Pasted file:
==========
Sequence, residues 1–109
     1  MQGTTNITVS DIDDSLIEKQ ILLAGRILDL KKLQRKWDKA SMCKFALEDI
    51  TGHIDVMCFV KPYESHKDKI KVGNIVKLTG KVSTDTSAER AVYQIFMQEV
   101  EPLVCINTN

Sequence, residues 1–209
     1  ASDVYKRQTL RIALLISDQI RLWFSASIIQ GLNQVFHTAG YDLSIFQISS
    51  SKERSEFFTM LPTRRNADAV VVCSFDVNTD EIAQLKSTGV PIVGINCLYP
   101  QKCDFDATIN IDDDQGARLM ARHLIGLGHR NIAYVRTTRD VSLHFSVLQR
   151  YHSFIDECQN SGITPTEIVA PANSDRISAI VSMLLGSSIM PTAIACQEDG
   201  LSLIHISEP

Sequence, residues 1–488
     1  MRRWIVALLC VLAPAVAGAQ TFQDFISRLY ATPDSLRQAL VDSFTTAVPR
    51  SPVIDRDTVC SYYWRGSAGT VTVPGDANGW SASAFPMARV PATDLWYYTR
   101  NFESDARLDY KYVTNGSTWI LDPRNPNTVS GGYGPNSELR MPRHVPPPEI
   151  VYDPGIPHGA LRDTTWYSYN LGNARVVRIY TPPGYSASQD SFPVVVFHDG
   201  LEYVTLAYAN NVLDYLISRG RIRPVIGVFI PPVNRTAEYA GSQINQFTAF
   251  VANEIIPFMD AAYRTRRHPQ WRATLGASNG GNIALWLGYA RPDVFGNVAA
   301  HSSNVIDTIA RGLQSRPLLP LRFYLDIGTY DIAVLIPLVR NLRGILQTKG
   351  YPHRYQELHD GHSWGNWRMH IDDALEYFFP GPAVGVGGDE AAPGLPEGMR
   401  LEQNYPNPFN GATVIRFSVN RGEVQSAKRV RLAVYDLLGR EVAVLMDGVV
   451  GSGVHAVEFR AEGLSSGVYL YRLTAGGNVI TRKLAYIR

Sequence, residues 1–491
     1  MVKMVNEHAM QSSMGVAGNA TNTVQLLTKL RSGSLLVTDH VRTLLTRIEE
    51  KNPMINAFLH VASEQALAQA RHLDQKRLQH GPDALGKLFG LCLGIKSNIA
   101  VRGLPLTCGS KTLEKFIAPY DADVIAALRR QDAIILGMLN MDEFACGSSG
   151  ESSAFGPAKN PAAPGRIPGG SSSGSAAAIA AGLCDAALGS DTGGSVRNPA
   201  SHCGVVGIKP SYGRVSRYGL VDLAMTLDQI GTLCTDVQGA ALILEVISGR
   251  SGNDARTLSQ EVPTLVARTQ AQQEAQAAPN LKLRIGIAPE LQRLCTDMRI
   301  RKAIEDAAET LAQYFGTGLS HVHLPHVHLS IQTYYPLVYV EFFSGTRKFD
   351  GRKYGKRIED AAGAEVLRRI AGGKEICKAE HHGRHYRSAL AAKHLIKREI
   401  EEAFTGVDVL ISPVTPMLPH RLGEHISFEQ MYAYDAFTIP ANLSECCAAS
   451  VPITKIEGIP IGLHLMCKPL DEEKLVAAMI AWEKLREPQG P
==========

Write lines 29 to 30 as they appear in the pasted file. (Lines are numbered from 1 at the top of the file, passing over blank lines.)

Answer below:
   301  RKAIEDAAET LAQYFGTGLS HVHLPHVHLS IQTYYPLVYV EFFSGTRKFD
   351  GRKYGKRIED AAGAEVLRRI AGGKEICKAE HHGRHYRSAL AAKHLIKREI